April 14:Abraham Lincoln was shot on this day in 1865, dying the following morning. WaltWhitman’s diary records his frequent sightings of Lincoln in Washington duringthe Civil War. One of Whitman’s snapshots describes the President passing bywith his cavalry guard, dressed “as the commonest man,” his face “withthe deep-cut lines, the eyes, always to me with a deep latent sadness in theexpression.” “When Lilacs Last in the Dooryard Bloom’d,” Whitman’slament for the nation’s “powerful western fallen star,” was publishedseveral months after the assassination:
Coffin that passes throughlanes and streets,
Through day and night,with the great cloud darkening the land,
With the pomp of theinloop’d flags, with the cities draped in black,
With the show of theStates themselves, as of crape-veil’d women, standing,
With processions long andwinding, and the flambeaus of the night,
With the countless torcheslit—with the silent sea of faces, and the unbared heads,
With the waiting depot,the arriving coffin, and the sombre faces,
With dirges through thenight, with the thousand voices rising strong and solemn;
With all the mournfulvoices of the dirges, pour’d around the coffin,
The dim-lit churches andthe shuddering organs—Where amid these you journey,
With the tolling, tollingbells’ perpetual clang;
Here! coffin that slowlypasses,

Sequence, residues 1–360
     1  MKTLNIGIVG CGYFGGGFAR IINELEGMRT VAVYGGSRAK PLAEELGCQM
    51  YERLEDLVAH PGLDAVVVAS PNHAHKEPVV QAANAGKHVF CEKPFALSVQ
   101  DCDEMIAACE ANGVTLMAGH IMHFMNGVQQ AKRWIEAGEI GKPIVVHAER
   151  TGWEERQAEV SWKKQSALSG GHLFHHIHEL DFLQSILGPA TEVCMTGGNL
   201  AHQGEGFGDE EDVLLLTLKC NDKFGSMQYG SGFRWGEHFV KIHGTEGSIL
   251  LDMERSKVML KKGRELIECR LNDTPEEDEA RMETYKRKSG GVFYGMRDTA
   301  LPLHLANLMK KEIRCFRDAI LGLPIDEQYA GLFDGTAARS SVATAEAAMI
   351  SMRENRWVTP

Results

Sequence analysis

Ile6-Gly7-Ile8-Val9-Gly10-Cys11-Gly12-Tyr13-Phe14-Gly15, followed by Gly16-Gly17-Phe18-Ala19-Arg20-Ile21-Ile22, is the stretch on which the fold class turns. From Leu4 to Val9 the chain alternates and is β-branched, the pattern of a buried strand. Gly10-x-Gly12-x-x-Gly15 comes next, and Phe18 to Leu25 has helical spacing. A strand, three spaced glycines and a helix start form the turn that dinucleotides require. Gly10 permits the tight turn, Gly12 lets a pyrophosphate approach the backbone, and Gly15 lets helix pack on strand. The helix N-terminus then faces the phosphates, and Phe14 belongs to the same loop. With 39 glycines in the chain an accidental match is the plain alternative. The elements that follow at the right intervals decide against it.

I give you my sprig oflilac….
Booth also had hiseulogists, the anonymous author (perhaps the Texas judge A. W. Tyrell) of “OurBrutus” praising him as a heroic tyrant-killer:
He hath written his namein letters of flame
O’er the arch way of Liberty’s portal,
And the serfs that nowblame shall crimson with shame
When they learn they have cursed animmortal!
The desire for Booth’simmortality is reflected in C. Wyatt Evans’s The Legend of John Wilkes Booth: Myth, Memory and a Mummy (2004).The mummy in question was in reality that of a frontier drifter, but it toured incarnival sideshows throughout the 1920s, purported to be “JOHN WILKES BOOTH—HIMSELF—MURDEREROF ABRAHAM LINCOLN” and “An Exhibition for the Correction of AmericanHistory”—the correction being the legend that Booth had eluded his captorsand survived for decades.
Daybook is contributed by Steve King, who teaches in the English Department of Memorial University in St. John’s, Newfoundland. His literary daybook began as a radio series syndicated nationally in Canada. He can be found online at todayinliterature.com.